Sunday October 14, 2012
Animal welfare takes precedence
THE president of the newly- formed Zoo Operators, Breeders, Wildlife Entrepreneurs and Animal Hobbyists Association cautioned in an earlier statement that if zoo guidelines were not rescinded, more zoos would face closure.
According to the president, these closures would have an adverse effect on tourism.
Contrary to this belief, Sahabat Alam Malaysia (SAM) points out that zoos are not a tourist draw, considering that more than 80% of visitors are from within their surrounding community.
Of these patrons, approximately half are people who will make return visits. These return visits only occur at new zoos.
Eventually, these return visitors stop coming, which results in the loss of profitability without a sustainable source of new patrons. Consequently, the zoos will proceed down a path of deterioration.
Zoos are all too often viewed as places to amuse and entertain, rather than places that meet animal welfare standards.
These standards are not often met, resulting in public criticism.
The lack of enforcement has caused animals to suffer over the years at the hands of incompetent zoo operators.
In addition, when a zoo faces financial constraints, the animals will face added suffering.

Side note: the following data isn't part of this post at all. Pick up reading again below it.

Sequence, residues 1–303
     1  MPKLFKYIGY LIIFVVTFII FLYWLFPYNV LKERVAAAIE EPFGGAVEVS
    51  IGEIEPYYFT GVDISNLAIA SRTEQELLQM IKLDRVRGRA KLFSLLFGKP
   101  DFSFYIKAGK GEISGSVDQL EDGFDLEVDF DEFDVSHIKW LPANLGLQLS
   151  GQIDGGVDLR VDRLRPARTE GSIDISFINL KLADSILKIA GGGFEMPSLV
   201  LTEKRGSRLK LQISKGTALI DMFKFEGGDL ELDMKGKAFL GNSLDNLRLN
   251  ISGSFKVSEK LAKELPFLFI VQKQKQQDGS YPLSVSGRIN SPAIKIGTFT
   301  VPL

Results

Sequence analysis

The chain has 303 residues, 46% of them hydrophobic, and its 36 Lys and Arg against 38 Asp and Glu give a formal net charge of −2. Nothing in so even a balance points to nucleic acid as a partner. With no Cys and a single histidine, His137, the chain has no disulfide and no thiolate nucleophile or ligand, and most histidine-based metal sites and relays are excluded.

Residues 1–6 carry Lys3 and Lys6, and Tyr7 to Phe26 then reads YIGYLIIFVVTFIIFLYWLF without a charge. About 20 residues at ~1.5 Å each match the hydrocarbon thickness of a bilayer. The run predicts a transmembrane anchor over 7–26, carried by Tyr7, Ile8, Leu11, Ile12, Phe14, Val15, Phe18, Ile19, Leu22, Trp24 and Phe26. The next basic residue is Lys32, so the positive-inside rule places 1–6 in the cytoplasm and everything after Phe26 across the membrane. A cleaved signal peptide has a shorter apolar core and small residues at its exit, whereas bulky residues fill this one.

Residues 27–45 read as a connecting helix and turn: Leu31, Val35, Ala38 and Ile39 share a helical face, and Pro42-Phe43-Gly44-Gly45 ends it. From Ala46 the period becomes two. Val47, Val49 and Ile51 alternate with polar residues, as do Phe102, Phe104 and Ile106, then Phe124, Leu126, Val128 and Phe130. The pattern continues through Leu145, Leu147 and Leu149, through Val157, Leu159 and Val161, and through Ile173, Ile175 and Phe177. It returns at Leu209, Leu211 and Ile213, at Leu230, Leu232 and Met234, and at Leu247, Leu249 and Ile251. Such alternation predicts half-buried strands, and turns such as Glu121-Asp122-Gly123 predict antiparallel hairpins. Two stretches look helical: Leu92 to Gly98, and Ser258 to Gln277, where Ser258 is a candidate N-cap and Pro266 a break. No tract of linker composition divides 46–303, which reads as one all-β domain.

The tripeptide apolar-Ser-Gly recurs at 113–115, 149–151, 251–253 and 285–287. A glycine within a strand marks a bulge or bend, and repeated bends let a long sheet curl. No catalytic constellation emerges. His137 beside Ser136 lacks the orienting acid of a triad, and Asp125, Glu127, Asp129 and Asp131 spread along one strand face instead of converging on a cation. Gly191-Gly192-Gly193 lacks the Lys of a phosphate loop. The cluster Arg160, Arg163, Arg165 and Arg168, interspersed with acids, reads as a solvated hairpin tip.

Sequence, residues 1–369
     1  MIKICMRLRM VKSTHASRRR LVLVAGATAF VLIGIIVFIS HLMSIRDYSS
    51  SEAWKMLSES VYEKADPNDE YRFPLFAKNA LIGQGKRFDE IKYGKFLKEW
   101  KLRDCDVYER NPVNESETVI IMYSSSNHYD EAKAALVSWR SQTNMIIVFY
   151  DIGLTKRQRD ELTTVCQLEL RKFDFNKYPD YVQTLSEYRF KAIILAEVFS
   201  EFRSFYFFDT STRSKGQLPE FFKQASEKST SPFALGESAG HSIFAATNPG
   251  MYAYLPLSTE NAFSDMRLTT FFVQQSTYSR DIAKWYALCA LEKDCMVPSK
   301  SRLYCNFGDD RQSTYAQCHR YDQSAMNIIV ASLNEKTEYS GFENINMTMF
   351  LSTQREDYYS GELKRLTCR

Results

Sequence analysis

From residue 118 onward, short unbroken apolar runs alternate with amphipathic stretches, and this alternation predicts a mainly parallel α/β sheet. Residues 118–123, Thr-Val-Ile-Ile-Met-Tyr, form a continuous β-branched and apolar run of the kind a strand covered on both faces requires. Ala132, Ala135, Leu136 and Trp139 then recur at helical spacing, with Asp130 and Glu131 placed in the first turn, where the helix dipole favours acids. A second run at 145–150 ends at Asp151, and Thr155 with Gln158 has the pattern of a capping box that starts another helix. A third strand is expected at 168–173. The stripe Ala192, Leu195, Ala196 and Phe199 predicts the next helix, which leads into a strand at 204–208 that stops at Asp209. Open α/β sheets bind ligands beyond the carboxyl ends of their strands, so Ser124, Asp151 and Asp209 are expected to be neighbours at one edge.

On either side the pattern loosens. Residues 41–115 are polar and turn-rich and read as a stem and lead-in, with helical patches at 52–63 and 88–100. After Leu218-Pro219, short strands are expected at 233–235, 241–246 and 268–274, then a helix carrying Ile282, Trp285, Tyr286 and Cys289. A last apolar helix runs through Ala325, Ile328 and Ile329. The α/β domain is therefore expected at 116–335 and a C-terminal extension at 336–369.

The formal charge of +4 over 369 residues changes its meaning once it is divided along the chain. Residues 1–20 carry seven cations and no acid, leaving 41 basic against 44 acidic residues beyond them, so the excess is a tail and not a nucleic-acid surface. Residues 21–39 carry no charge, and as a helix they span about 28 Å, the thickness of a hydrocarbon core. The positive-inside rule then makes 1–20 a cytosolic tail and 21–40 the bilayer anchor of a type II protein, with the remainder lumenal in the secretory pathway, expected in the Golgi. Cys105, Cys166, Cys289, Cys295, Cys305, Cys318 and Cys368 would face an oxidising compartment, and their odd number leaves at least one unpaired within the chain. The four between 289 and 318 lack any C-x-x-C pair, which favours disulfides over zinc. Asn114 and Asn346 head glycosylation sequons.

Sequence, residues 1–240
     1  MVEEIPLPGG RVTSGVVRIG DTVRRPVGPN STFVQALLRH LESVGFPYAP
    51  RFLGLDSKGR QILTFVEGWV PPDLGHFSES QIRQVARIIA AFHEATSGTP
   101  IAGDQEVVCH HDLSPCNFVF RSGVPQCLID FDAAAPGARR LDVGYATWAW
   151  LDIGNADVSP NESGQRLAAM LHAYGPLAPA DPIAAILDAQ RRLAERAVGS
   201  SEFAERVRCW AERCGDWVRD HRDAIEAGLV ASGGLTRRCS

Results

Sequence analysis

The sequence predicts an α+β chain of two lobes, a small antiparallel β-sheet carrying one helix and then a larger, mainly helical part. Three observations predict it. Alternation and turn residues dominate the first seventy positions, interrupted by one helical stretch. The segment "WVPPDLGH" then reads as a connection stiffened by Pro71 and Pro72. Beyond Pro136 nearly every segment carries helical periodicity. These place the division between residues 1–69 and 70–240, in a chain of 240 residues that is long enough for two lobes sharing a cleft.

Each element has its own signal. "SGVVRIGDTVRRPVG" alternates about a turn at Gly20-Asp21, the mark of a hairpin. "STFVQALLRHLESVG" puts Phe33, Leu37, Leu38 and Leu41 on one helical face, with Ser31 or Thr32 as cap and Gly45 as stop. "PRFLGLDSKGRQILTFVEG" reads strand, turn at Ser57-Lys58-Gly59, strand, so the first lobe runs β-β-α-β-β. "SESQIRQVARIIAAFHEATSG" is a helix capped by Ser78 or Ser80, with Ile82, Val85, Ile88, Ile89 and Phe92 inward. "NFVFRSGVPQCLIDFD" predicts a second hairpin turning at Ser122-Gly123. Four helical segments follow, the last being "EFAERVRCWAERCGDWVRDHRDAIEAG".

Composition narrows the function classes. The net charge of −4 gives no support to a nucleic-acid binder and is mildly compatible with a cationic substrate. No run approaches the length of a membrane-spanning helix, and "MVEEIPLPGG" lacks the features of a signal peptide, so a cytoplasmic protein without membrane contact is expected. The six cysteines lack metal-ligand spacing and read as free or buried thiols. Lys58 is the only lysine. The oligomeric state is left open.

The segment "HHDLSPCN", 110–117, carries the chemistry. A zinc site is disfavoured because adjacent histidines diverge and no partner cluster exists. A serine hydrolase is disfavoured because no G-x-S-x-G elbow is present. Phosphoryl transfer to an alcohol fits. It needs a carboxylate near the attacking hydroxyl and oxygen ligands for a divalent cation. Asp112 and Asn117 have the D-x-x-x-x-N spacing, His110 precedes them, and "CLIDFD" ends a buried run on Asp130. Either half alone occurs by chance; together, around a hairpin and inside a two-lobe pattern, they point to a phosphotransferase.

The photographs of animal misery speak volumes as to the inadequacy of such animal establishments.
The zoos are unable to equip themselves with the requisite knowledge or commitment to properly understand and maintain the animals in conditions that meet their species-specific needs.
Many animals and birds are still needlessly suffering, and without urgent action by Perhilitan, the inadequacies are likely to continue.
For years, zoos have responded to accusations of cruelty by adopting a defensive attitude.
They have often used a “we know best approach” in an effort to persuade visitors and NGOs to accept their definitions of what is cruel and what is not.
Zoos must be prepared to accept the fact that they cannot realistically recreate the fundamentals of life and habitat.
Given the appalling conditions of some zoos, it is beyond one’s capacity to suggest that visitors will learn anything meaningful about an animal’s wild behaviour or leave the zoo with a new-found impetus to protect wild species.
Zoo expertise and professional ethics that have since remained unchallenged must be subjected to controls from a higher authority, and legislation must regulate the basics of quality animal husbandry. Those institutions that are found lacking must then face sanctions for their violations.
If professionalism is to be part of future zoo programmes, zoo directors should be licensed by the Government to manage only facilities for which their ability and expertise qualifies them.
SAM once again reiterates its stand that legislation for animal welfare must be explicitly in favour of the animals and any loophole which might permit abuse of captive wild animals must be eliminated.
S.M. MOHD IDRIS